This is not regarding the artists. It is regarding the song writers, who are often VERY different from the "artists".
I have a hard time feeling bad about any of this because the song writers 1. Agree in contract to sell their music for a fixed royalty, and 2. Have 2 (in the States) very aggressive and counterproductive organizations working on their behalf.
I am into electronic music, and have never actually purchased any content from itunes (I refuse to buy bad music in lossy formats with DRM. iphone applications have been it, and I think the distribution for those is fantastic), but I do think that the services I use (beatport, amazon, etc) are great. None of these labels have to sell any music they do not want to, and the songwriters seal their fate long before anyone hears the track for the first time.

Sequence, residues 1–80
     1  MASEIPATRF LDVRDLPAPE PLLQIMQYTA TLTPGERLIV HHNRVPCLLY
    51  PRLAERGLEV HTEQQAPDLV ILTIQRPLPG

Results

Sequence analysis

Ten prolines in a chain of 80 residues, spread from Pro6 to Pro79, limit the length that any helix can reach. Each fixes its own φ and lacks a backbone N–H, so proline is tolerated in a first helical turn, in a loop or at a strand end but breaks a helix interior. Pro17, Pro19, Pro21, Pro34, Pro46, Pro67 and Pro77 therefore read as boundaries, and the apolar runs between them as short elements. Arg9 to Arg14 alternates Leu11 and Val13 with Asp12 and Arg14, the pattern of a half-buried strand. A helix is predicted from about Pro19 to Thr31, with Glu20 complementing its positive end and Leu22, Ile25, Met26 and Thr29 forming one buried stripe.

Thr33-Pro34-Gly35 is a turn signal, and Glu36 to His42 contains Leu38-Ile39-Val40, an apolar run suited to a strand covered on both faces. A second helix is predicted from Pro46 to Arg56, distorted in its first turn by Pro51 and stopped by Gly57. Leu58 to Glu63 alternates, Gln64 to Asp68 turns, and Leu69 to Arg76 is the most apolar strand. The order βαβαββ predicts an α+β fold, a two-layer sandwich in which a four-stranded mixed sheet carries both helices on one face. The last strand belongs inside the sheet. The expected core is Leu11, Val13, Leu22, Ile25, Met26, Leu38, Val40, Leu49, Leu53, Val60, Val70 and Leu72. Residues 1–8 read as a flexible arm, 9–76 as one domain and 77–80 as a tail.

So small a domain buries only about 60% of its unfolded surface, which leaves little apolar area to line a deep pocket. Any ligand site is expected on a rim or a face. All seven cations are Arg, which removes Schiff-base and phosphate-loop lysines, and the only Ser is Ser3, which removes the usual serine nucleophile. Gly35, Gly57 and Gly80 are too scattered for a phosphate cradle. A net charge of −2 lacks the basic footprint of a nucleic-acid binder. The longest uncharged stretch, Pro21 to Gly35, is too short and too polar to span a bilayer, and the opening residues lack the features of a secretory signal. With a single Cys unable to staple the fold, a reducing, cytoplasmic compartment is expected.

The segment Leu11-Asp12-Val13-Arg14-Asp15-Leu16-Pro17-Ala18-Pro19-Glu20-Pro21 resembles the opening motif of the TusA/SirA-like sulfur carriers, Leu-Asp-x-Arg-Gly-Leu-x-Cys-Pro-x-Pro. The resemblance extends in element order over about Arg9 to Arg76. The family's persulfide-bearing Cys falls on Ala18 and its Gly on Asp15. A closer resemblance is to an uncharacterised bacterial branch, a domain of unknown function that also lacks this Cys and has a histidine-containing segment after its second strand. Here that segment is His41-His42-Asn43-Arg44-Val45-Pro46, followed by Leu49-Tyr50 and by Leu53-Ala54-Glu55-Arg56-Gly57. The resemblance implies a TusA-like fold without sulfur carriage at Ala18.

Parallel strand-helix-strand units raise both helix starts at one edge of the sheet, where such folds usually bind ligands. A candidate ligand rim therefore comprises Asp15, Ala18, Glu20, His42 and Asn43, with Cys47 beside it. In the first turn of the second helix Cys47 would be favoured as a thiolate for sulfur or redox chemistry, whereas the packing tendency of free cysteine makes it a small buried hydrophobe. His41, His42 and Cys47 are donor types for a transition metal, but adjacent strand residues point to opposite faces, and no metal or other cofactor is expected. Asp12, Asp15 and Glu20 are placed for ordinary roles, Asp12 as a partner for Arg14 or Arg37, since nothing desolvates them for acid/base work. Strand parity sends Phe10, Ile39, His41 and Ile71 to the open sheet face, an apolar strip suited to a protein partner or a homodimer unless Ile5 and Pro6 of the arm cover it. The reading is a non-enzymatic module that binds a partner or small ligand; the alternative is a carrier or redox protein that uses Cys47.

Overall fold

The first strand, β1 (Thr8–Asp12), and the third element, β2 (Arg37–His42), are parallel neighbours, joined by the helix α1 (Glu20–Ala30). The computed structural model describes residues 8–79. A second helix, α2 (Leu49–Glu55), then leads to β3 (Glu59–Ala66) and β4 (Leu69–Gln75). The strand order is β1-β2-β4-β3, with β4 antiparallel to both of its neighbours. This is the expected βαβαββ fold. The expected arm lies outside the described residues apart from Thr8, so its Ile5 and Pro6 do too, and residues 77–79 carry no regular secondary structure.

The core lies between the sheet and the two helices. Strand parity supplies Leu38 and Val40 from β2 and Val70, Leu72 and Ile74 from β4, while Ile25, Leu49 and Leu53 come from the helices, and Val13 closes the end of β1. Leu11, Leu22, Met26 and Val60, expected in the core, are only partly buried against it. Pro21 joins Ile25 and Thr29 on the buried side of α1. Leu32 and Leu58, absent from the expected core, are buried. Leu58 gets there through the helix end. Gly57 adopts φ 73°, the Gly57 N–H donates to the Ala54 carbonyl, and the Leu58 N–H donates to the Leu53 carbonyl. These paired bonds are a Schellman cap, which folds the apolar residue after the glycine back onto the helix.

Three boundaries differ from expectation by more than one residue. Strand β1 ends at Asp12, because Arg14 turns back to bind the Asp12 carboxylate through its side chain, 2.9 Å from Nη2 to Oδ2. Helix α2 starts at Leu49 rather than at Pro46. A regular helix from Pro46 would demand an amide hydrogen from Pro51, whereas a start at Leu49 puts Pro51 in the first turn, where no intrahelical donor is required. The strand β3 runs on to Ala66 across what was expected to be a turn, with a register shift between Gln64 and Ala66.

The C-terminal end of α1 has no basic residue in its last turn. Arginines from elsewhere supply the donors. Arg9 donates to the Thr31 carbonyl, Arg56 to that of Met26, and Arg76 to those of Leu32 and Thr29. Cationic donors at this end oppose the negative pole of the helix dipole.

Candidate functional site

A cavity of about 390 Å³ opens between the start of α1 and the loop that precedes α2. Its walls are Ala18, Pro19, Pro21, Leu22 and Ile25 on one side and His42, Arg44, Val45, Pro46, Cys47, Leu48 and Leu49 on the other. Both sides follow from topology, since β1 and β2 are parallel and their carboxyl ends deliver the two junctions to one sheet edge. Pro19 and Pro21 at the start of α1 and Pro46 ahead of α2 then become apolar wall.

Honestly, these people (most of them) already make enough money. I'd like you to say to my face that Mick Jagger, or Paul McCartney don't have enough money, without laughing.
Thanks for the link. Again, that pretty much proves my point. The record labels get about 2/3 of the 99 cents per song. Why should Apple absorb the entire increase in royalties? What's the record labels' "operating profit"?
imo. people (song writers and artists) should be happy there is a legit site to sell thier music online. reduces piracy
without apple and the music store, all these people would have to rely on hard cd sales
what about all the exposure artists get from features like genius that enable more people to know about their music that they otherwise would not. do the artists owe anything for this type of exposure? or do they believe that it is entitled to them in the form of free advertising